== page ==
Betula alleghaniensis yellow birch Betulaceae BEAL; Bx, pb; Q;

Betula alleghaniensis tree. Trees, insects and diseases of Canada's forests. Natural Rescources Canada. Government Canada. tidcf.nrcan.gc.ca

Betula alleghaniensis tree. Trees, insects and diseases of Canada’s forests. Natural Rescources Canada. Government Canada. tidcf.nrcan.gc.ca (Accessed 10/2017).

Betula alleghaniensis is a tree to 30 m tall, bark shiny, yellow-silvery-gray, peeling in thin, filmy strips, appearing shaggy; old bark dark, rough; crushed twigs slightly aromatic, of wintergreen.

Leaves alternate, (sometimes paired on short twigs) egg-shaped, to 10 cm long, coarsely, tip pointed, base rounded (to slightly lobed), veins below softly hairy, margin sharply toothed. 

Betula alleghaniensis male catkins. © naturalmedicinefacts.info 2015. naturalmedicinefacts.info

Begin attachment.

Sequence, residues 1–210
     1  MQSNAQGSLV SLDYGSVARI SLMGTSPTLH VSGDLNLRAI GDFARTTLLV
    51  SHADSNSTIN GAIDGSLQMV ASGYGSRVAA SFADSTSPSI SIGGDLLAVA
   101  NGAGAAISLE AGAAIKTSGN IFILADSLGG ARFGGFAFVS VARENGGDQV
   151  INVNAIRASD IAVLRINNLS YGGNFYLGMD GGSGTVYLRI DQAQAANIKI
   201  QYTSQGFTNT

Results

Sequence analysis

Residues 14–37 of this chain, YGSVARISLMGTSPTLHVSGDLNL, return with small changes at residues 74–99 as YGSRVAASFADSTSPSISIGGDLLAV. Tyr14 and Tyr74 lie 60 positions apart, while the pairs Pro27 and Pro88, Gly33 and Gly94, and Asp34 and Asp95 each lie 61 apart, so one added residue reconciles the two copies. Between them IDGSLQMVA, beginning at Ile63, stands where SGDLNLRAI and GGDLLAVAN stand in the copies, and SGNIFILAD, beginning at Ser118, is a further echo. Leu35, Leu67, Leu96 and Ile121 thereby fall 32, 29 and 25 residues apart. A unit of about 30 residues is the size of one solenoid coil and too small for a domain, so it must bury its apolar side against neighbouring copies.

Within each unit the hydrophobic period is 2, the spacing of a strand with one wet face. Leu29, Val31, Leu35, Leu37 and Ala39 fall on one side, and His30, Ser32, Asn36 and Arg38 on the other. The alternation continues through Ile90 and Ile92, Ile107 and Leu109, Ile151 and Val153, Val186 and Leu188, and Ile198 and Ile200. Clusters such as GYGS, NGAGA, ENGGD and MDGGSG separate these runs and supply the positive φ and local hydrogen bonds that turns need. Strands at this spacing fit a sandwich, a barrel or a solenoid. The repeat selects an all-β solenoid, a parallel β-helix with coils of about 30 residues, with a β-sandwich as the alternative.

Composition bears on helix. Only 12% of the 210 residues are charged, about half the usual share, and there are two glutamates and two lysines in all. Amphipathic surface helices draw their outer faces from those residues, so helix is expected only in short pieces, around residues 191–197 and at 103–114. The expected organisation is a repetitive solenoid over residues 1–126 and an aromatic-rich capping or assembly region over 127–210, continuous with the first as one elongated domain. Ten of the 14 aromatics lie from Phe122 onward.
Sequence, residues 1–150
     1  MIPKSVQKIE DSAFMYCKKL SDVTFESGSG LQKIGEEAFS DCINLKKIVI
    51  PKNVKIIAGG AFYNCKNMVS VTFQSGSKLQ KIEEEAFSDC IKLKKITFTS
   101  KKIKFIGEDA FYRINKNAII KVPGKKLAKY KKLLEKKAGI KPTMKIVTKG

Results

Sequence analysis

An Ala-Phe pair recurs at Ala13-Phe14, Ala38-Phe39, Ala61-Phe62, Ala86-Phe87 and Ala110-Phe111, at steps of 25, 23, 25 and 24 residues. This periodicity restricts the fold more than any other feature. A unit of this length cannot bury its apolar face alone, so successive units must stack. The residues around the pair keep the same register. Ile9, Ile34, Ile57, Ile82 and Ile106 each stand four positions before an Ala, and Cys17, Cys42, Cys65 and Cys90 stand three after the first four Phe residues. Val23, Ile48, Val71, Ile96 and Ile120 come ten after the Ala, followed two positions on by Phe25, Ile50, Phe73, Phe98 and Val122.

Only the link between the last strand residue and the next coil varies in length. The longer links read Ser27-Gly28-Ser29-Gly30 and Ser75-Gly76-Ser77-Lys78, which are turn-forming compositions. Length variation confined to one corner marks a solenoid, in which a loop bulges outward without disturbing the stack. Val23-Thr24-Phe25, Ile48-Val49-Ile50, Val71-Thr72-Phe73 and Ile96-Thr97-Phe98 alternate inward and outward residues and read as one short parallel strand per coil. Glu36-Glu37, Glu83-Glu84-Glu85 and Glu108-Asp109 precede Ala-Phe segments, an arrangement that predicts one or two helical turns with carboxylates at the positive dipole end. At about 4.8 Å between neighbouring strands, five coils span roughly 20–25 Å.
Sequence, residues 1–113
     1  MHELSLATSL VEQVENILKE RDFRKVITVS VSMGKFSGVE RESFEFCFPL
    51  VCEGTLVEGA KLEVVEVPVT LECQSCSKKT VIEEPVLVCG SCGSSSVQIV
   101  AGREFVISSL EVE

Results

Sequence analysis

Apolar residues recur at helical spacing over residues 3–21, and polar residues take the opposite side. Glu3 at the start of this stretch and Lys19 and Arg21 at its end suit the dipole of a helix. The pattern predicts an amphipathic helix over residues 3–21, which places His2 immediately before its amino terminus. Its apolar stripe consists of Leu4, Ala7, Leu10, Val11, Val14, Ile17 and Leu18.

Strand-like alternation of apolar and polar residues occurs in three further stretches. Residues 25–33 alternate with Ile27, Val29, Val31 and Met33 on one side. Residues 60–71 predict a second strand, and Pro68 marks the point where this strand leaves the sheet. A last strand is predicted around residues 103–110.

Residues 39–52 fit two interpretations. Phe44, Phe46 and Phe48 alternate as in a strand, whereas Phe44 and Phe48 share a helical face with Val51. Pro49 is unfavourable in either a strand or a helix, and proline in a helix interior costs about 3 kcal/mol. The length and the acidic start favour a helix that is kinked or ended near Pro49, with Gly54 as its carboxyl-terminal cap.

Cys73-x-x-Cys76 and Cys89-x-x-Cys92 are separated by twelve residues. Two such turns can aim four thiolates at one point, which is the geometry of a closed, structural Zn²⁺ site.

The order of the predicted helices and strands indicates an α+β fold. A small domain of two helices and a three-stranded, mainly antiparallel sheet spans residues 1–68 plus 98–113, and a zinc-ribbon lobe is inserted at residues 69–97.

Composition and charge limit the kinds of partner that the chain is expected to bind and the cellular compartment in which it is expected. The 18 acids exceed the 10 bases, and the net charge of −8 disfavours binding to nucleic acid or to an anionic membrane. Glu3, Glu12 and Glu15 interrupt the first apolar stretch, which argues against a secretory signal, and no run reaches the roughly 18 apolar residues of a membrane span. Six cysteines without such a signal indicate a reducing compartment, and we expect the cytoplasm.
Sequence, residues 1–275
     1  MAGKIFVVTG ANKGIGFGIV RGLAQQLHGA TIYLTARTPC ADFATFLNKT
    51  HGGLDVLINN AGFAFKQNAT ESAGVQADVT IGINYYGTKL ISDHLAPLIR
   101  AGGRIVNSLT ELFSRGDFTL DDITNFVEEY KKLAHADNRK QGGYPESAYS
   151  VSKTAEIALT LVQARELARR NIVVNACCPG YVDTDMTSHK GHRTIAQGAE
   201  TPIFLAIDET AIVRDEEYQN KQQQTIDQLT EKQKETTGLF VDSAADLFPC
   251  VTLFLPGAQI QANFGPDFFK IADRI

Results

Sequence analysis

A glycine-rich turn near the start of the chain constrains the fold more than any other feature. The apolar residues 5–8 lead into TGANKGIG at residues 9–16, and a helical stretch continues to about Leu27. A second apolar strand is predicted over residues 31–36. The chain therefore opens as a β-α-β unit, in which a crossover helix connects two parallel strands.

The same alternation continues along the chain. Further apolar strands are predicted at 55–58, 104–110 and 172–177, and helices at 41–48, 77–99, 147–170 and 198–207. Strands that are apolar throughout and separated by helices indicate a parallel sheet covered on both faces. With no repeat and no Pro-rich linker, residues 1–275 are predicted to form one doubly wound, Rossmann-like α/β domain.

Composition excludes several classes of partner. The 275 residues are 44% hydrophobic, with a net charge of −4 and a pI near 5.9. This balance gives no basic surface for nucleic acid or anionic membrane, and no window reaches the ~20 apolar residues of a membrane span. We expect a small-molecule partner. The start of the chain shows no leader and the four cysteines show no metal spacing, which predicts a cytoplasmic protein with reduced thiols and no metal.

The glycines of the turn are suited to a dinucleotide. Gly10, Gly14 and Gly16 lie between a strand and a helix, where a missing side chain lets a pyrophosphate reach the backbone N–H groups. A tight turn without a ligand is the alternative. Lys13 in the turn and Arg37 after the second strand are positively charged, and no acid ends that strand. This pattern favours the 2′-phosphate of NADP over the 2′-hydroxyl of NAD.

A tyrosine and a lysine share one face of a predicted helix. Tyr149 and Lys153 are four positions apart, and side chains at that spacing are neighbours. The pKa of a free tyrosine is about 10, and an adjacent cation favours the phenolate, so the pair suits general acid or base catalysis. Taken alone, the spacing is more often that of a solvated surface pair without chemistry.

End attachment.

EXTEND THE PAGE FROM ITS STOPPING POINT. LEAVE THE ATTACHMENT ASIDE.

Betula alleghaniensis male catkins. © naturalmedicinefacts.info 2015. naturalmedicinefacts.info (Accessed 10/017).

Flowers: monoecious (male and female flowers separate on same tree), tiny, in catkins; male catkins elongate,the individual flowers tiny, between scales,  pollen wind dispersed; female catkins oval, 2-3 cm long flowers between scales; blooms May-June. 

Betula alleghaniensis. fruit, leaves and old male catkins. L. Wallis. Herbarium University of Michigan. michiganfrlora.net

Betula alleghaniensis. unripe fruit, leaves and old male catkins. L. Wallis. Herbarium University of Michigan. michiganfrlora.net (Accessed 10/2017).

Fruit: Female catkins to 3 cm long, hairy to 0.4 cm wide, of circular winged nuts amid scales; ripen Aug.-Sept., wind dispersed; Sept.-Nov. Seeds, buds and catkins eaten by a few birds and small mammals (Martin et al. 1951).

Wetland status: FAC. 

Frequency in New York City: Very infrequent. 

Origin: Native. 

Habitat: Moist woods. Soil pH 4-8 (USDA, NRCS 2010). 

Notes: Twigs eaten by deer and rabbits (Martin et al. 1951). Susceptible to Nectria canker (Nectria galligena, Hypocreaceae; Ascomycotina) with red, bead-like fruiting bodies and Armellaria mellea (Basidiomycotina) shoestring root rot, causes decay of roots and base (Burns & Honkala 1990; Agrios 1988).